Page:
227

   

   
  PSRHBF prefunding fixed amount2

   

1,450

   
  CSRS supplemental unfunded liabilities expense3

308

   

   
  FERS supplemental unfunded liabilities expense4

62

   

60

   
  Change in workers’ compensation liability due to fluctuations in discount rates

(1,670

)  

(402

)  
  Other change in workers’ compensation liability5

157

   

(158

)  
           
  Controllable income $

522

    $

1,257

   
           
  1 Accrual for one quarter of the estimated $907 million annual payment, as determined by the Postal Service based on OPM’s preliminary estimate of the remaining $18.2 billion PSRHBF unfunded liability as calculated based on OPM’s preliminary valuation of the PSRHBF funded status as of September 30, 2016.  
  2 Accrual for one quarter of the $5.8 billion annual prefunding payment to be paid into the PSRHBF due September 30, 2016.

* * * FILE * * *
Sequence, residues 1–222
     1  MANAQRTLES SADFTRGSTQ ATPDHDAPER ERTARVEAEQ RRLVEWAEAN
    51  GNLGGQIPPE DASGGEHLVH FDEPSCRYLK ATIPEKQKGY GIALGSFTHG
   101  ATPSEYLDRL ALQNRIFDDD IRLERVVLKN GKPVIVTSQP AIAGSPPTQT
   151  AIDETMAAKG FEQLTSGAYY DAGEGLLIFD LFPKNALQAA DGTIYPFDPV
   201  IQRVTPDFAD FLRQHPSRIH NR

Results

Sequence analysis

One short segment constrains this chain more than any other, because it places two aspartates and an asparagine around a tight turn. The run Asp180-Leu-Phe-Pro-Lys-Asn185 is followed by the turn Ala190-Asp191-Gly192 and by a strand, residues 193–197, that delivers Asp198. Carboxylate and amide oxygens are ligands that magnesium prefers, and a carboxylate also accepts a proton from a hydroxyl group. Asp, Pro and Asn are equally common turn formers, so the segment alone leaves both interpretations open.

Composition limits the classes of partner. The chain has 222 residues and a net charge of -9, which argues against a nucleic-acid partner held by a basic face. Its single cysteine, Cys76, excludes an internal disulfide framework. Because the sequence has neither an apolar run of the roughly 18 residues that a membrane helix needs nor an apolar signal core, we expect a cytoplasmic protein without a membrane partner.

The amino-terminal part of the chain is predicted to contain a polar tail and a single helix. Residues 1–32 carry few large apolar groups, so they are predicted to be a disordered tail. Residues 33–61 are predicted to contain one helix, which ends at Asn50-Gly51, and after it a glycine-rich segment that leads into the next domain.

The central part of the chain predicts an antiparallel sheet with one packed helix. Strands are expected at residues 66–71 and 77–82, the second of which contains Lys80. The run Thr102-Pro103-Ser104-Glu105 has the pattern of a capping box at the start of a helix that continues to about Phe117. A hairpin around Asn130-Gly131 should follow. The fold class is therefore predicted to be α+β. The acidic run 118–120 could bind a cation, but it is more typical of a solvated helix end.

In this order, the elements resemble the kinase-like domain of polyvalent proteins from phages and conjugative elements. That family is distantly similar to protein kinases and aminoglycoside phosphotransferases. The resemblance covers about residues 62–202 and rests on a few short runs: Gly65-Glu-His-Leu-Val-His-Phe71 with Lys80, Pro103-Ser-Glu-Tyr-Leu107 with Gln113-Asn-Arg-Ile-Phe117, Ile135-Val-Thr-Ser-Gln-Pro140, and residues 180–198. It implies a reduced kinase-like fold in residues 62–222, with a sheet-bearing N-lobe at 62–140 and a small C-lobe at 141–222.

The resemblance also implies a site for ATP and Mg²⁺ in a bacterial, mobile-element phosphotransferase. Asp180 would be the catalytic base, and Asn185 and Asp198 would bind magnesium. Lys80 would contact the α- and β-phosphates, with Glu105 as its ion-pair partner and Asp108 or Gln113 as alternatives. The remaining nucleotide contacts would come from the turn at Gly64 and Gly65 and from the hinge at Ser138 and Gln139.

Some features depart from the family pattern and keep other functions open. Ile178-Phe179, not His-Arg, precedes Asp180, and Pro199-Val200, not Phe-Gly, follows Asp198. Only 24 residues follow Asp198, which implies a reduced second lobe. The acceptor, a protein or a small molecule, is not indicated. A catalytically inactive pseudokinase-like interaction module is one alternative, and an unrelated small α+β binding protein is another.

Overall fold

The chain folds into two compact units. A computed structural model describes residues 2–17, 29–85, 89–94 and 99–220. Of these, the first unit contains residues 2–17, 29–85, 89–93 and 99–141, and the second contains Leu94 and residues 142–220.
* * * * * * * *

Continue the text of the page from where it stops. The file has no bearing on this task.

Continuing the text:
3 Accrual for OPM’s estimated payment amount, based on actuarial valuations and assumptions, to amortize the $16.7 billion unfunded CSRS retirement obligation as of September 30, 2015. Payments are to be made in equal installments beginning as soon as 2017, through 2043.  
  4 Amounts represent one quarter of the accrual for the payment amount, based on actuarial valuations and assumptions, to amortize the $3.8 billion unfunded FERS retirement obligation as of September 30, 2015, as determined by OPM. Payments are to be made in equal installments through 2046.  
  5 Net amounts include changes in assumptions, as well as the valuation of new claims and revaluation of existing claims, less current year claim payments.